Q&A: Jason Moore, Northwestern alum and ‘Pitch Perfect 2’ executive producer

Annie Bruce, A&E Editor


Using his experiences with the Radio, Television and Film and musical theater programs at Northwestern, Jason Moore (Communication ’93) has navigated roles ranging from Tony-nominated director of “Avenue Q” to director of the wildly successful film “Pitch Perfect.” He now returns as an executive producer for “Pitch Perfect 2,” which opened in theaters Friday. The Daily talked with Moore about the sequel, his experiences at Northwestern and his upcoming project with Tina Fey and Amy Poehler.

What made the experience of making “Pitch Perfect 2” different from the original?

Well, I directed the first one and didn’t direct the second one. That was probably the most significant difference. … It was kind of fun to sit back and watch something that I’ve worked on have it’s own life. (Director Elizabeth Banks) really understood the tone as well as anybody, if not better, because she found the original book and had the original idea to do the movie. So it was really fun to watch her find her directing voice and also really learn about doing musical numbers.

How does the producing role differ from the directing role?

It’s a lot less stressful, in the sense that the director really does have to make a thousand decisions a day, you hope decisions that you make accumulate into something that works. … When you’re a producer, it’s kind of relaxing, because you don’t have to make the final decision.

Do you have a favorite part in the process?

One of my favorite parts, but the most challenging part is we have an original song that is featured in the plot of the movie, so it’s always tricky trying to find an original song that works. And I was a big part of that process, and it was really fun. I’d never done that before, worked with a recording artist and gotten a song to a place where it worked for a movie. So I’m very proud of that, mostly just because it was a new experience for me, and also I think it works well in the story.

How did your experiences at Northwestern shape your directing and producing style?

At Northwestern, I was a RTVF major, theater major, formal studies major, writing major and I was also in the music theater program, so I learned a little bit about a lot of different things. And that’s really what directing is. It really was an incredible, liberal arts point of view on that. I felt like I understood literature and I understood good storytelling and it wasn’t just practical filmmaking — although it was partially that — it was a wider view of storytelling. And I feel like I went to the perfect place for that.

Do you have any advice for students who are aspiring filmmakers?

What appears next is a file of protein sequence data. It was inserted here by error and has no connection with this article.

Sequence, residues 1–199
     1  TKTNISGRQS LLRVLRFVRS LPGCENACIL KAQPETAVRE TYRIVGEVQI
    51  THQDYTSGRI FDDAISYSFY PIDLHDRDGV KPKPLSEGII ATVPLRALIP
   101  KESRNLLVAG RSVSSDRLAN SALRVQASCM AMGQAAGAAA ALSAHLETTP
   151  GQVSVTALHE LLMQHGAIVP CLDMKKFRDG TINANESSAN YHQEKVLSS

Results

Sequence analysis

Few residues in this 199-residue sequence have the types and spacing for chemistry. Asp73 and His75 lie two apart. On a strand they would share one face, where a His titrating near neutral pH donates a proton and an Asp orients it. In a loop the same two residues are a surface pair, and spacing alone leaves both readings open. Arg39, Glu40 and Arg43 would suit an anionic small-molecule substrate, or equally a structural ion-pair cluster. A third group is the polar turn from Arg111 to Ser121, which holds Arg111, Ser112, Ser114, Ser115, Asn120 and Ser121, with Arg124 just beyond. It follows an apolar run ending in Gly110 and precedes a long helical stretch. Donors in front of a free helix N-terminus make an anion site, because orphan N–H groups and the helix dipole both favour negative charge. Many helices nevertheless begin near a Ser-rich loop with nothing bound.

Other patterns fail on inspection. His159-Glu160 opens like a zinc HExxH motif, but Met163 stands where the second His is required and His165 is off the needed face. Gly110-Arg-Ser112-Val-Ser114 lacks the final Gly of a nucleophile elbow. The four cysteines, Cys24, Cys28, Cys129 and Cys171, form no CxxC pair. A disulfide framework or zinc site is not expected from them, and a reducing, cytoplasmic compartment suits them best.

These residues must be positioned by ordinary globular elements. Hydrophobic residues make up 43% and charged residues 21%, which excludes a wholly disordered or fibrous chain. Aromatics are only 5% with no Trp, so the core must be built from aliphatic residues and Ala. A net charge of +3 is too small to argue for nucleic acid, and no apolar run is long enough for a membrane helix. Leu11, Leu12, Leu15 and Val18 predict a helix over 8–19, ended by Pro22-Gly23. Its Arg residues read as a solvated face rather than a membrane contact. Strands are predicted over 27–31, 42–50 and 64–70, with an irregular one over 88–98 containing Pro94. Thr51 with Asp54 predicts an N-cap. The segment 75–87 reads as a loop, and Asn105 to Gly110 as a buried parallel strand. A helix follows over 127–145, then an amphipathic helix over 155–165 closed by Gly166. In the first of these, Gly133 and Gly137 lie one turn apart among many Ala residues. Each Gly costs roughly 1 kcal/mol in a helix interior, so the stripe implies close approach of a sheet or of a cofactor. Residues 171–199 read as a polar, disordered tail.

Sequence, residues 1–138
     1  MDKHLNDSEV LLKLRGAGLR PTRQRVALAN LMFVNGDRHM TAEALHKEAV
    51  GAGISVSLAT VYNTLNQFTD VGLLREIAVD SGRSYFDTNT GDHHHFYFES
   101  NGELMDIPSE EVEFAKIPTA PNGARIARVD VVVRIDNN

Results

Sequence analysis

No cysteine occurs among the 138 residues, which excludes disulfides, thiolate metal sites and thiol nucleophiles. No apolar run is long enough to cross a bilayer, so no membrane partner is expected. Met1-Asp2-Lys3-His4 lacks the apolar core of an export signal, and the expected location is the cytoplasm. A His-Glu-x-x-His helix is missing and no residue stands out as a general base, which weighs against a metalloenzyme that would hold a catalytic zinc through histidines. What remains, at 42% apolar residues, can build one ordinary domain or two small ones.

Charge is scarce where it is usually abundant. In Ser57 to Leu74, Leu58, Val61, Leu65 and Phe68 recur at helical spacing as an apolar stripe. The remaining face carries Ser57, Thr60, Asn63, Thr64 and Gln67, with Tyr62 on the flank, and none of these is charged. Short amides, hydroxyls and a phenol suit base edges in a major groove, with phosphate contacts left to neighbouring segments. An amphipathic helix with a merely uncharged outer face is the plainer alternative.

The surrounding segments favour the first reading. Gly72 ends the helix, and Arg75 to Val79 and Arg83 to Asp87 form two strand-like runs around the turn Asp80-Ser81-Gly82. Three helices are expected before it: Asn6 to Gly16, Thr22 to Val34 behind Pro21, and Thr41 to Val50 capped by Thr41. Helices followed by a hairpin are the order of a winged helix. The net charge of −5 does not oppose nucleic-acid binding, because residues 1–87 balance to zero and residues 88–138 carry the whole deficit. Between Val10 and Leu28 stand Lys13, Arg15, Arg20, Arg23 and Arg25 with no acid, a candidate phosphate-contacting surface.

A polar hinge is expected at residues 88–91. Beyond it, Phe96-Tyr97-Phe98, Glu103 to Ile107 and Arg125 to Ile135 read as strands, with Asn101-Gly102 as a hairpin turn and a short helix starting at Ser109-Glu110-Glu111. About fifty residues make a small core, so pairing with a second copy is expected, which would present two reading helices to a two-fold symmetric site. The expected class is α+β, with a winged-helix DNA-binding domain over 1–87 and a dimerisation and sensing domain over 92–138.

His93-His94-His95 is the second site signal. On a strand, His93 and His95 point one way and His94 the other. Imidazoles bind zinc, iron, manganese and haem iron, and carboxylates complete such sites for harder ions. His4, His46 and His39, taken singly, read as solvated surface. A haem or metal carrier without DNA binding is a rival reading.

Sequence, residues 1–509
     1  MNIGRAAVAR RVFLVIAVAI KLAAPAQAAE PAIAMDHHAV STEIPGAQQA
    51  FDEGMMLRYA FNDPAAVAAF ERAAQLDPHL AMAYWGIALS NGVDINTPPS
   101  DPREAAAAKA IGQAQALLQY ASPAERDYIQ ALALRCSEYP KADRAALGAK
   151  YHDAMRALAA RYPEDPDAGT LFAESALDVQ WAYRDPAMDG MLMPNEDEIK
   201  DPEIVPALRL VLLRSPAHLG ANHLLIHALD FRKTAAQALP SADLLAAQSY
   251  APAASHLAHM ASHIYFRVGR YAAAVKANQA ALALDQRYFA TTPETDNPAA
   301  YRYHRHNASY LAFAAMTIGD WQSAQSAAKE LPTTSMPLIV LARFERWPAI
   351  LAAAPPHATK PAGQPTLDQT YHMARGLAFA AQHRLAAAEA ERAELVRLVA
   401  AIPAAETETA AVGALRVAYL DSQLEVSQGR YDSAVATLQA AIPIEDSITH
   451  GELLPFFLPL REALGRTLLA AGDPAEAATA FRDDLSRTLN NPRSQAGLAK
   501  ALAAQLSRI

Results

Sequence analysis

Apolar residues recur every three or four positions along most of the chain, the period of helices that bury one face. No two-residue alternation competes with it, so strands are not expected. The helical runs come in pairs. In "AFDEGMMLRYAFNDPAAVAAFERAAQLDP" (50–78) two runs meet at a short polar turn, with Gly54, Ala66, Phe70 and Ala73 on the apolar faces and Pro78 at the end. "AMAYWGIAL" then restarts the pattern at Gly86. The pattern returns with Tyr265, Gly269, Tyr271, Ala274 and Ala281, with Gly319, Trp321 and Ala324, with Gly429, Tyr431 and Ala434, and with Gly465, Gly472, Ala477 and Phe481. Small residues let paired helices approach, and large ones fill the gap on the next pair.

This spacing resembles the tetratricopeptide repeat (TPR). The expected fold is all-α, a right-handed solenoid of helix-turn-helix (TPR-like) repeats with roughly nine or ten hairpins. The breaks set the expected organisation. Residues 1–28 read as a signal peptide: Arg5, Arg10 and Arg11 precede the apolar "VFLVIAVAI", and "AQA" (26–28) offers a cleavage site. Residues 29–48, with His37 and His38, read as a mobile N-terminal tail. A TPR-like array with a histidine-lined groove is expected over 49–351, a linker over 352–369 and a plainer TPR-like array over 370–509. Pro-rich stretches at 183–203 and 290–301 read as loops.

Make them as much as you can. And remember that finding your own voice is more important than trying to become someone else’s, because you always lose your way when you do that.

Do you have a standout experience from your time at Northwestern?

There was a play that I directed for Arts Alliance, the student winter play, and it was the first I’d ever — I’m not a good writer — but I wrote it with somebody else. And it was the first time that something I’d actually created got a laugh. I always think that, that was the time that I got infected with the need to hear laughs.

You’re also directing the upcoming Tina Fey and Amy Poehler “Sisters” movie. What are you excited for people to see?

I’m excited for people to see Tina and Amy together, because they’re great together. What you think and hope they are like on the Golden Globes and as friends, they are that. So just seeing them onscreen is still a joy for me. And you’ll see them do some things that you might not expect, based on what people know them and what they’ve done before. I think that’ll be fun for audiences to discover.

Can you talk a little bit about the directing process for “Sisters”?

All the actors are at Tina and Amy’s age level. There’s sort of a whole different bag of tricks, or not tricks really, working with bonafide, experienced adults that made it actually really quite smooth, mostly because everyone kind of knows what they bring to the table, and they know how the day goes. … And there was a lot of improvisation, because that’s what they do naturally.

What is coming up next for you?

I just finished that movie and we put this one in the can about eight weeks ago, so I’m going on a meditation retreat. … Beyond that I haven’t chosen my next project yet.

Email: [email protected]
Twitter: @anniefb13